Assessment of vitamin E levels, selenium levels and presence of viral pathogens as the etiology of mulberry heart disease
Mulberry heart disease (MHD) in swine usually manifests as sudden death in young, fast-growing, apparently healthy pigs. The hallmark lesions are acute hemorrhagic myocarditis and myocardial necrosis resulting in heart failure. It has long been suspected that MHD is linked to deficient levels of vitamin E and/or selenium (3,4,5,6).
However, the exact relationship is still unclear and vitamin E and selenium deficiency are not observed in all cases of MHD (3). Furthermore, recent evidence suggests that infectious disease may be associated with similar heart lesions in pigs (1,2). We investigated the relationship between MHD and vitamin E, selenium, and 13 other mineral levels in heart and liver tissues. Additionally, several PCR assays were conducted on heart tissues to explore a possible relationship between viral pathogens and MHD.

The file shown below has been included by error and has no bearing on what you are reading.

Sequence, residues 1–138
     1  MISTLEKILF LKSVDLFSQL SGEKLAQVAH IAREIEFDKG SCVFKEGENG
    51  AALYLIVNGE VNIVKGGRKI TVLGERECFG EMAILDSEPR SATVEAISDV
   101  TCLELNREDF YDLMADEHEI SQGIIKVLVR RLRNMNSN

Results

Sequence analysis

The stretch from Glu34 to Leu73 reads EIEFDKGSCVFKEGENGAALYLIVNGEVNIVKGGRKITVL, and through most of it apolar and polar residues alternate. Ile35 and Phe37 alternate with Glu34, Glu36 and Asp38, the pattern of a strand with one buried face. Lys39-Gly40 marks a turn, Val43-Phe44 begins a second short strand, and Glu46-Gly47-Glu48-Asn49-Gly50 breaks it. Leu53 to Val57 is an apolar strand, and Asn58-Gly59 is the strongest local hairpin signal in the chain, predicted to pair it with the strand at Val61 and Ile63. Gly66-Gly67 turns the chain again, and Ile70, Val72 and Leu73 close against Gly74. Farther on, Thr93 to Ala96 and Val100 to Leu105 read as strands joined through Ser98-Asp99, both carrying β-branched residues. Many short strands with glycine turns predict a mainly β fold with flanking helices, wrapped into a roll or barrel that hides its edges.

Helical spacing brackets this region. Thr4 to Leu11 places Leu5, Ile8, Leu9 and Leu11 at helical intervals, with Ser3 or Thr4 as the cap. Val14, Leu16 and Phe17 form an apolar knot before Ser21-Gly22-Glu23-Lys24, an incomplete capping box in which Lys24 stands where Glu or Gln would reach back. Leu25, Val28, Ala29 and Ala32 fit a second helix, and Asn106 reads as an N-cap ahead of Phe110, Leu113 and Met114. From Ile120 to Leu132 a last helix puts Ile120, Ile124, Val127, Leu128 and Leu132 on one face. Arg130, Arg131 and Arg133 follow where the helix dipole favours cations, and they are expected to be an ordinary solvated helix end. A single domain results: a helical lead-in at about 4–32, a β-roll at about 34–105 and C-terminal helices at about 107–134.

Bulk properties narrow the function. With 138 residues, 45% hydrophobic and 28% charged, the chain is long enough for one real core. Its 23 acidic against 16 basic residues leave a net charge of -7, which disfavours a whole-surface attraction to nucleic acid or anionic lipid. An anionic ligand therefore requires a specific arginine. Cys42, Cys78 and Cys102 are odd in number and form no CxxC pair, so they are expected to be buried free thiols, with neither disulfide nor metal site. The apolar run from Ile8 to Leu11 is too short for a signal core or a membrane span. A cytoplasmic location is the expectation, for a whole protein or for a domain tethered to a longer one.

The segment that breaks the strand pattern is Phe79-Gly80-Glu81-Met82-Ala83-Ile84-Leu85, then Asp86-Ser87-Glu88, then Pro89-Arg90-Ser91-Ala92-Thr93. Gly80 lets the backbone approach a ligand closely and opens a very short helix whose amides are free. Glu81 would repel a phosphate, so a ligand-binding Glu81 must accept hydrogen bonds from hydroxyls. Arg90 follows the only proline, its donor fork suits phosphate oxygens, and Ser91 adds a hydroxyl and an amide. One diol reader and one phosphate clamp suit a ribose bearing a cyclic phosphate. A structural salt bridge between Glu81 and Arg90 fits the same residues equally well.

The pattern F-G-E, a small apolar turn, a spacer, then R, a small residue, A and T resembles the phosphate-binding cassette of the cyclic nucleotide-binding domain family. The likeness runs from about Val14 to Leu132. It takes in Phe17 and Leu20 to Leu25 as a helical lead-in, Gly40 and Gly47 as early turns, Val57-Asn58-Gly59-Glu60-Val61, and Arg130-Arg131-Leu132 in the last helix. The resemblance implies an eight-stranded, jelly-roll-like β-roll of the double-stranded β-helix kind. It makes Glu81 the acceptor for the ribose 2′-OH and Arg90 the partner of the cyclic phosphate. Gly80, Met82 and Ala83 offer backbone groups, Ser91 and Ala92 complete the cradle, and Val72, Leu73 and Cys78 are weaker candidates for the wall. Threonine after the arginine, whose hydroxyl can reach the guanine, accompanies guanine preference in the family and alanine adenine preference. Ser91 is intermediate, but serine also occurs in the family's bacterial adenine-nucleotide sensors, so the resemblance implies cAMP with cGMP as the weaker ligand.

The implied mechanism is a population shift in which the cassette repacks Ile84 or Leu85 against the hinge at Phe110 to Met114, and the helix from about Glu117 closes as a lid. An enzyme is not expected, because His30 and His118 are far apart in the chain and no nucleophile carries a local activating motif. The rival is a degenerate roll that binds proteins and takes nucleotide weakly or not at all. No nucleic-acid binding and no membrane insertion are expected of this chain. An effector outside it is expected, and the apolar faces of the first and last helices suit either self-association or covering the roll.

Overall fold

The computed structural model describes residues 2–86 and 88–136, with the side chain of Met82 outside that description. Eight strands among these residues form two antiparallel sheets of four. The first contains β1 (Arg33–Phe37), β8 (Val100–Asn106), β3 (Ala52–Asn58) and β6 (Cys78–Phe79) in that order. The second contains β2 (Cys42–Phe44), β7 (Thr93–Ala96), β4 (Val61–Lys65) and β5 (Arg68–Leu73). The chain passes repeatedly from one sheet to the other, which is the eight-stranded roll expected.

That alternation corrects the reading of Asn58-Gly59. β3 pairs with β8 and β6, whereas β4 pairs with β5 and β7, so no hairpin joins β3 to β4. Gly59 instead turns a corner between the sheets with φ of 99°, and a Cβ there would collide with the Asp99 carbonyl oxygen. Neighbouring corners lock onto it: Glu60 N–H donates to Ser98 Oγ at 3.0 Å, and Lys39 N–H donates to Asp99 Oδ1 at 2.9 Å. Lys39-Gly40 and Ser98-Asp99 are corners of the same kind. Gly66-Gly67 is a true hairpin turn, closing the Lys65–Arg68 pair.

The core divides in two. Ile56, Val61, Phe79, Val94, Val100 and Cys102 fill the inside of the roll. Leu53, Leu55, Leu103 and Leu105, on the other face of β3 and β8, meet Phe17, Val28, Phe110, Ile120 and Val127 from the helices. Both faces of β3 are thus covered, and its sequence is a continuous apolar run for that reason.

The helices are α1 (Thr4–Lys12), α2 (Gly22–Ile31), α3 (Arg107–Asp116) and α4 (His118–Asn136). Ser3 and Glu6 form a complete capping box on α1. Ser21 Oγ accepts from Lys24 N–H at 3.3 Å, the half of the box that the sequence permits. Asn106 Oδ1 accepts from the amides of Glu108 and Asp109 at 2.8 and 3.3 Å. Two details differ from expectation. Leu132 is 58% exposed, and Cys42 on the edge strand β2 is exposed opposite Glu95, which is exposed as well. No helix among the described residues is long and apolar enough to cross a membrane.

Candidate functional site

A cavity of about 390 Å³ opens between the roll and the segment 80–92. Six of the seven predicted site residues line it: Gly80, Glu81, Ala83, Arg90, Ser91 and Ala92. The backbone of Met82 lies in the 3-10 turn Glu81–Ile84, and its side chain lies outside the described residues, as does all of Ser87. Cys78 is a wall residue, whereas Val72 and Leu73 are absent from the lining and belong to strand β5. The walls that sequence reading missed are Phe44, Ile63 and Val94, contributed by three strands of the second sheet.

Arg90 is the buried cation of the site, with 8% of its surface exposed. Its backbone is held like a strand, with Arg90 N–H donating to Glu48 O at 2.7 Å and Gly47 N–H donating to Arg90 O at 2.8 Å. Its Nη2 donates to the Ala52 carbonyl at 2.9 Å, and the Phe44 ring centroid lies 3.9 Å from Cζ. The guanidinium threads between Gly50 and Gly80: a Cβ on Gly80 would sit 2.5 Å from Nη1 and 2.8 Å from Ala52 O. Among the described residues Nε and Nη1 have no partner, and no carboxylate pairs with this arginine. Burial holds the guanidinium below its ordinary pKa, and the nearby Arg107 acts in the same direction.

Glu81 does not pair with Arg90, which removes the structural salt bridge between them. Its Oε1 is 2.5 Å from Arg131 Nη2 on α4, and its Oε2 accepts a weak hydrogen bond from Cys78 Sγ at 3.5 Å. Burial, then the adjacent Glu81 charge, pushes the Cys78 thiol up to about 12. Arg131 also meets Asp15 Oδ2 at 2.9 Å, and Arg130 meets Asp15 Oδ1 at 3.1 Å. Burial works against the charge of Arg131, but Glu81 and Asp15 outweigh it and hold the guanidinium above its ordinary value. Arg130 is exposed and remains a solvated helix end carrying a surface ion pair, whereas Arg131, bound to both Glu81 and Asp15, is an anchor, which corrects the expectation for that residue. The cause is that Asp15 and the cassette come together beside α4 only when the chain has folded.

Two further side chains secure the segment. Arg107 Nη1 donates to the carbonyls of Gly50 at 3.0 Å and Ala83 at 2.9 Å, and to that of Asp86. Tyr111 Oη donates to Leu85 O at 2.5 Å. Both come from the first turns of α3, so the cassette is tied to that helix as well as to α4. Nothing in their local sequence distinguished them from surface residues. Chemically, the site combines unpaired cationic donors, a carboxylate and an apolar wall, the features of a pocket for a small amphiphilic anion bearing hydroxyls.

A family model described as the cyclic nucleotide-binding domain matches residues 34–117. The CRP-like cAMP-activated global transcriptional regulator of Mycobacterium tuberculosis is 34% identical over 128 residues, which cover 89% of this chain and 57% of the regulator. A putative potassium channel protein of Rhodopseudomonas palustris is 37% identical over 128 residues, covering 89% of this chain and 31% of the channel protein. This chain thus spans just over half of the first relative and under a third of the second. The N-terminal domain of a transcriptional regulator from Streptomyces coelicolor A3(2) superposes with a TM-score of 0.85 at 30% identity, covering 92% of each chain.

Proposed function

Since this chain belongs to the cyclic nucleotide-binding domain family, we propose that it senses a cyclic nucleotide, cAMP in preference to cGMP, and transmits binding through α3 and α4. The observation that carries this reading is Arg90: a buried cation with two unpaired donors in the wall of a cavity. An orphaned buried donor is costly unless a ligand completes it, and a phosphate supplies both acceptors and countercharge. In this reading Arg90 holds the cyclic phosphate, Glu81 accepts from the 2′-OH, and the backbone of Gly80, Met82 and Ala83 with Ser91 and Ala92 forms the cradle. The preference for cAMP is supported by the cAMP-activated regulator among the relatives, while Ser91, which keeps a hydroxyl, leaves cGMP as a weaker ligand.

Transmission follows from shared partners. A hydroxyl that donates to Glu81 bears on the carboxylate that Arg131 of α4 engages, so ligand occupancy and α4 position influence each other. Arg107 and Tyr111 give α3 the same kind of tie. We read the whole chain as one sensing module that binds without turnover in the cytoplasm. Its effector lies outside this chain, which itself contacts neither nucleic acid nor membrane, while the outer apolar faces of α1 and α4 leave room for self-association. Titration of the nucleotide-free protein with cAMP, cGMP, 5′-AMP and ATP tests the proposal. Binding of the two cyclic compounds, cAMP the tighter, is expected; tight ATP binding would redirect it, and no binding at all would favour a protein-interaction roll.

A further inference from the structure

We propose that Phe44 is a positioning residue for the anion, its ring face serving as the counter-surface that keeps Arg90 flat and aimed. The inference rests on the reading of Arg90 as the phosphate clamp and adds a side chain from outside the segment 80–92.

Paul Thomas1 Giacomo Bortoletto1 Peter Kirkland2 Wonil Kim1 Alan Loynachan1 Steve Ensley1 Tanja Opriessnig1
1. Iowa State University, Ames, IA, USA; 2. Elizabeth Macarthur Agricultural Institute, Camden, NSW, Australia
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